20 Oncology Issues January/February 2007
by Anne Peach, RN, MSN, CNAA, BC, and Cheryl Harrington, RN, MS, OCN®
Maintaining a high-quality workforce is a challenge for today’s healthcare leaders. Abundant literature
documents the international nursing shortage and its impact on healthcare organizations. While the dollar
cost of turnover varies depending on the healthcare specialty, the effects of turnover include higher labor
costs, lower productivity, negative working conditions, and potentially a negative influence on the quality
of care, patient satisfaction, and patient loyalty. Studies suggest a direct correlation between high nursing
turnover and quality patient care.1,2
And labor shortages in other oncology specialties are an issue in today’s
demanding healthcare environment.
At M. D. Anderson Cancer Center
Orlando, we implemented
several successful recruitment
and retention strategies.
While this article
focuses primarily on
oncology nurses, the
can apply to all
Top Oncology TalentA Recipe for Success
Oncology Issues January/February 2007 21
Our mission at M. D. Anderson Cancer Center Orlando
is to “use every available resource to defeat cancer.”
This powerful statement is one that physicians, nurses,
and other members of the healthcare team can embrace.
While a compelling mission and competitive salaries may
help recruit top talent, staff retention requires more. Pro-
viding a supportive work environment that allows con-
tinued professional growth while balancing work and
family life is a challenge for any employer, but it is neces-
sary to retain a high-functioning team. At M.D. Ander-
son Cancer Center Orlando, the nursing leadership team
has focused on this need for a “flexible” workforce—in
particular, one that addresses both the aging oncology
nursing workforce and novice oncology nurses. Gradu-
ate nurses who have a “passion for oncology” are hired,
trained, and mentored by our leadership team.
Employee surveys, staff meetings, and focus groups clearly
indicated that nurses at our medical center wanted to be
recognized and compensated for their advanced educa-
tion, experience, and knowledge. Physicians also wanted
a mechanism to recognize the experienced oncology nurs-
ing staff. In response, our program established two career
pathways—for nurses in clinical practice and nurses in
Registered Nurse Clinical Ladder. The goal of this pro-
gram is to promote clinical excellence and professional
development of nurses that provide direct patient care in
the inpatient and outpatient hospital setting, as well as in
the physician practice setting. The Nurse Clinical Ladder
Program is designed to:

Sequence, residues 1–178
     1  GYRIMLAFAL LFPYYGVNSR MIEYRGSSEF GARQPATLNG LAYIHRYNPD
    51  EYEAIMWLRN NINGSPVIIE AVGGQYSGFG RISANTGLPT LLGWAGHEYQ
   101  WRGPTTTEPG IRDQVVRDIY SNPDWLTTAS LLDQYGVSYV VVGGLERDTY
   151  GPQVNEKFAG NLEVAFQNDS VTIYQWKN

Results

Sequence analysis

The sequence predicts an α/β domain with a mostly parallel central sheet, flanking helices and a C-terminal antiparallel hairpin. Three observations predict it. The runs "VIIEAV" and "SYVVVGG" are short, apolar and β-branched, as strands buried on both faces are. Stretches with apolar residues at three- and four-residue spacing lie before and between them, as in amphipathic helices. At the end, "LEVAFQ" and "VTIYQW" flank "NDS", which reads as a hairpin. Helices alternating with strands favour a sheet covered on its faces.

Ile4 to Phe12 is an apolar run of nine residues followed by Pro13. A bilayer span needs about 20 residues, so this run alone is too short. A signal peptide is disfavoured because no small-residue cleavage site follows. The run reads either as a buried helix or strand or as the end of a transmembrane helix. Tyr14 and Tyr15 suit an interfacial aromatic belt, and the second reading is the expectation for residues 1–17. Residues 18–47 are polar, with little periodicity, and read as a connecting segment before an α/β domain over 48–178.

n Differentiate levels of education and competency for
registered nurses (RNs) providing direct patient care
n Improve quality of clinical care and patient outcomes
by providing a highly skilled work force
n Attract, reward, and retain RNs through structured
recognition of professional growth and development
n Encourage and reward attainment of higher levels of
education, certification, and practice.
Each of the five rungs on the Registered Nurse Clinical
Ladder has different experience, education, and national
certification requirements. The Registered Nurse Clinical
Ladder allows nurses to be recognized as they advance pro-
fessionally and compensates nurses incrementally as they
advance up the rungs of the ladder. The program allows
other members of the healthcare team to identify the expe-
rienced nurses who have achieved additional credentials.
The first rung is designated for new graduate nurses,
with additional compensation for a baccalaureate degree.
Nurses that move to the third rung of the ladder choose to
serve as either a preceptor for new team members and stu-
dents or as a mentor for novice oncology nurses. Nurses
serving as mentors develop a contract between themselves
and the novice nurse being mentored. Nurses at the top
level of the ladder must hold a masters degree in nursing,
have national certification (OCN®
), and prac-
tice at the bedside.
Nursing Management Clinical Ladder. For nurses on
a management career path, this program serves as a way
to develop and recognize future nursing leaders, as well
as to recruit and retain top talent. Additional potential
benefits include improving quality care, financial perfor-
mance, customer service, and staff retention.
The Nursing Management Clinical Ladder Program is
n Differentiate levels of education and competency for
nursing management in the acute care, inpatient, and
n Improve the quality of clinical care, patient outcomes,
and management skills by providing a highly skilled
n Attract, reward, and retain nursing management team
members through structured recognition of professional
growth and development
n Encourage and reward attainment of higher levels of
education, certification, and practice.
The program has two levels for assistant nurse managers
and two levels for nurse managers. As with the clinical lad-
der, nurse leaders move up the ladder based on experience,
education, and national certification. The assistant nurse
manager and nurse manager that reach the second rung are
asked to mentor other new nursing leaders.
Both ladders encourage nurses to continue their edu-
cation and hold certification in their specialty. At M.D.
Anderson Cncer Center Orlando, we have developed simi-
lar career advancement ladders for nurse practitioners, radi-
ation therapists, dosimetrists, and physicists.
Aspiring leaders may participate in a nine-month leader-
ship development series, known as L.E.A.D. (Leadership,
Education, Alignment, Development). Team members
with an interest (and untapped ability) in future leader-
ship compete to participate in this special program. Each
year, the L.E.A.D. Steering Committee, which is com-
prised of managers, directors, and administrators, select
24 L.E.A.D. team members from a variety of disciplines.
Acceptance is based on three factors: 1) written eligibil-
ity criteria, 2) a formal interview and approval from the
L.E.A.D. steering committee, and 3) a commitment from
22 Oncology Issues January/February 2007